• Cesy Avon on April 11, 2013 at 8:33 am said:

    This sounds like a worthwhile investigation.

  • Alexander on April 11, 2013 at 1:24 pm said:

    Rachael: Thanks for the suggestions.

    Daniel: We think we’re likely to get higher quality work if we pay for it, and our understanding from discussions with academics is that the expectation is that grad students doing this kind of work be paid.

  • Lorenzo Moreno on April 14, 2013 at 6:49 pm said:

    Many policy research organizations conduct systematic reviews of important programs, models, or interventions. For example, the U.S. Department of Education, Institute of Education Sciences,has invested millions of dollars assessing the effectiveness of thousands of preK-12 programs ( Other organizations, such as 3ie (International Initiative for Impact Evaluation), also conduct systematic reviews of international development projects ( Furthermore, policy analysis and evaluations sponsored by the U.S. Federal government are in the public domain and many of them include highly-relevant systematic reviews and other research, such as the Millennium Challenge Corporation ( or the Agency for Healthcare Research and Quality ( In sum, there is already a wealth of information available in the right organizations that could free your resources for something else.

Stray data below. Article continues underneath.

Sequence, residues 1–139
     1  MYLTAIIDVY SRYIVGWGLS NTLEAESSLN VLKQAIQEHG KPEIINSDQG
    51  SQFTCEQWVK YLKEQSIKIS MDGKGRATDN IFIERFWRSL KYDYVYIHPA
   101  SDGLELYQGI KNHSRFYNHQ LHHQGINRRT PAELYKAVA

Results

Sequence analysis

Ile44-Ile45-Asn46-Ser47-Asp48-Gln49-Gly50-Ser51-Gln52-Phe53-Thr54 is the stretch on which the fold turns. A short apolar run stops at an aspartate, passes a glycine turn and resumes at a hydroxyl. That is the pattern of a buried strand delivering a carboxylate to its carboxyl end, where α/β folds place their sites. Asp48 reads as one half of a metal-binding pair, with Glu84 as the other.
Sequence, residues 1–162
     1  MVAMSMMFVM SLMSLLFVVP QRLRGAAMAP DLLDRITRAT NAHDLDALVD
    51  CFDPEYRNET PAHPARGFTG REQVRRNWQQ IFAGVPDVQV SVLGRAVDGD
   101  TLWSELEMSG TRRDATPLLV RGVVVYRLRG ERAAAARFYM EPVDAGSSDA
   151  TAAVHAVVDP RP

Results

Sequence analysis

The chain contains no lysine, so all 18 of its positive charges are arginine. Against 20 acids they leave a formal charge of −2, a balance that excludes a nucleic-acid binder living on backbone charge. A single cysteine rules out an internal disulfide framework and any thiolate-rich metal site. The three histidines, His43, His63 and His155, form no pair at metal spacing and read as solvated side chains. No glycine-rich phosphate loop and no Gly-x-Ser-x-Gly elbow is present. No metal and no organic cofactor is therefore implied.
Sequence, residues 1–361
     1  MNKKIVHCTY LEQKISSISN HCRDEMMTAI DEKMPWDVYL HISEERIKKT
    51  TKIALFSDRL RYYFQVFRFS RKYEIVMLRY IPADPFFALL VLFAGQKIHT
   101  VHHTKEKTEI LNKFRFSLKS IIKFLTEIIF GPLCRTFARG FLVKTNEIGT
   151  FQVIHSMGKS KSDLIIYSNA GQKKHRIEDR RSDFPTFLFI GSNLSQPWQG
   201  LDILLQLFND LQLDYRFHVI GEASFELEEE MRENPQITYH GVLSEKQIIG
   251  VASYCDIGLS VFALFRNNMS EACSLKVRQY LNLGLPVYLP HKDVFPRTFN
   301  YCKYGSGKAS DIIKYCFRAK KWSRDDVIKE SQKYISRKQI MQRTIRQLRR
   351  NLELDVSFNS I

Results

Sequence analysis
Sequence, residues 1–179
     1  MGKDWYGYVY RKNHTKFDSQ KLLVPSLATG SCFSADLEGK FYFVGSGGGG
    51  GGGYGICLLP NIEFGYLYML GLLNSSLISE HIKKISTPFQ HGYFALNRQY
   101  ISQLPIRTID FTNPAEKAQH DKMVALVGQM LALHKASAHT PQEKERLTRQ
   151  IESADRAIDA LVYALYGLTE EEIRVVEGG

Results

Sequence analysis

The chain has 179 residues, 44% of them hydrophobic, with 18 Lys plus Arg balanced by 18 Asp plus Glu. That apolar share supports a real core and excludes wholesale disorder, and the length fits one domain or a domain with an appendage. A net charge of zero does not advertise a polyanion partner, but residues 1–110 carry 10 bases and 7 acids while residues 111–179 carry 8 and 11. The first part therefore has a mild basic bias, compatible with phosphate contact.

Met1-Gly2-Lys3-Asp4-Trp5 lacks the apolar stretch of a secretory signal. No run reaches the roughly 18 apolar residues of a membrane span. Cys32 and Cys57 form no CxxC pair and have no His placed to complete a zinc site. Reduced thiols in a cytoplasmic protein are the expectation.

Personally, I am also interested in making the use of evidence for decision making a participatory process and not just a technocratic elitist activity. If interested, I would be delighted to have a call or email conversation.

  • Peter Singer on April 15, 2013 at 7:37 am said:

    I agree with Daniel Gastfriend that it should be possible to do this without much funding – or at least, without much funding coming from you. It’s the kind of thing that academics get research funding for. So why not try to get research funding directed to a purpose that is of above-average value, and use your own funds to do more good? Get a group of leading academics to be involved – you might start by asking Academics Stand Against Poverty to send around a query as to who may be interested.

  • Alexander on April 15, 2013 at 10:59 pm said:

    Peter, that’s a possibility that we’ll consider, thanks. We have to budget our time as well as our money, though, so we wouldn’t necessarily involve ourselves in a major promotion project in order to avoid recommending grants.